Reposted from Aldon Nielsen's Heat String Theory:
Been thinking a lot about Riley B. King since hearing he's in hospice -- I had hopes that somewhere on the web I'd find a photo taken of him at one of the many shows I attended -- The Cellar Door -- The Howard University Blues Festival, etc. -- But it seems none of the many people I saw taking photos at those events has uploaded anything. In one case, that's because of a tragic photographic accident in the course of an otherwise amazing afternoon.
Here's the story.
1969 -- The posters said that B.B. King was to open for Canned Heat at the Alexandria Roller Rink. You can't tell the program order from this ticket you see, but it was clear on the posters -- CANNED HEAT at the top of the bill -- B.B. King opening -- Rather like having Bach open for Walter (Wendy) Carlos.
Still, there was no way my friend Larry Sammons and I were going to miss this show, so we went. Showtime arrives and nothing is happening, not a rare thing at concerts -- But more time goes by and eventually we learn that King's band has been held up by February weather on their way from the previous gig. The King himself was on hand waiting, but the band was still on the road. Which led to this:
|1969 Feb 16||Canned Heat|
|1969 Feb 16||BB King(solo)|
|1969 Mar 1||The Jeff Beck Group
This is from the official record of shows at the Rink that season. Note the "(solo)" after King's name. It wasn't supposed to be that way, but what a show. As time passed, eventually a stage crew member came out and sat a little practice amp on the stage, directly in front of the massive wall of amps set up for Canned Heat. King then walked out accompanied by Lucille. He made his apologies to the crowd (I wonder if anybody out there has a recording of this show), thanked Canned Heat for loaning him this little amp, plugged in and started to play all by himself.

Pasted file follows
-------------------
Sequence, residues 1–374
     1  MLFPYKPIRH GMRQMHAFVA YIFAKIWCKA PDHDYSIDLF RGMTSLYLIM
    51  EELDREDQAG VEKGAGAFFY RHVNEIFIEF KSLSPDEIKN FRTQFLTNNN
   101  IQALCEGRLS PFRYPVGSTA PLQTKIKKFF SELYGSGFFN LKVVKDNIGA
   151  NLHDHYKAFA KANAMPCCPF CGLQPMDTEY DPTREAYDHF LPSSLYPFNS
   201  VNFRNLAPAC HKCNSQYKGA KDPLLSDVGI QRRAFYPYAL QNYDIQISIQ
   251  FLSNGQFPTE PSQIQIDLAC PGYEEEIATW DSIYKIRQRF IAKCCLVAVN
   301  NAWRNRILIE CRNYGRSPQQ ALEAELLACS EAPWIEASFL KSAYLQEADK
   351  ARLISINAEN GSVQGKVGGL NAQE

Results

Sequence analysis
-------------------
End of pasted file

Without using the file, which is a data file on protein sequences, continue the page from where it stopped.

This was amazing. B.B. King playing several of his most important songs solo -- Had this ever been seen anywhere? Then, one by one the members of the band showed up, snow melting on their coats, set up behind the master and fell in with whatever he was doing at the moment. I think the organist was the first to get there -- if memory serves he still had his coat on as he began to play. By the end of the set, B.B. King and his band were blowing like never before and the crowd was going crazy.
Through all of this, Larry was snapping away with his camera, and we were close! I couldn't wait to see what he was capturing. But then I saw him frown, hold his camera next to his ear, turning the advance lever . . . I got a really bad feeling. "I think the film has slipped off the gears," said Larry. Turned out he was right. Not a single shot to show for his efforts.
We stayed long enough into Canned Heat's set to hear part of "Shake N Boogie" and then left, working our way through a crowd that had mostly come to see the Heat.
But for one cold, February day in 1969, it was B.B. King who brought the heat.
We'll all pray for the man.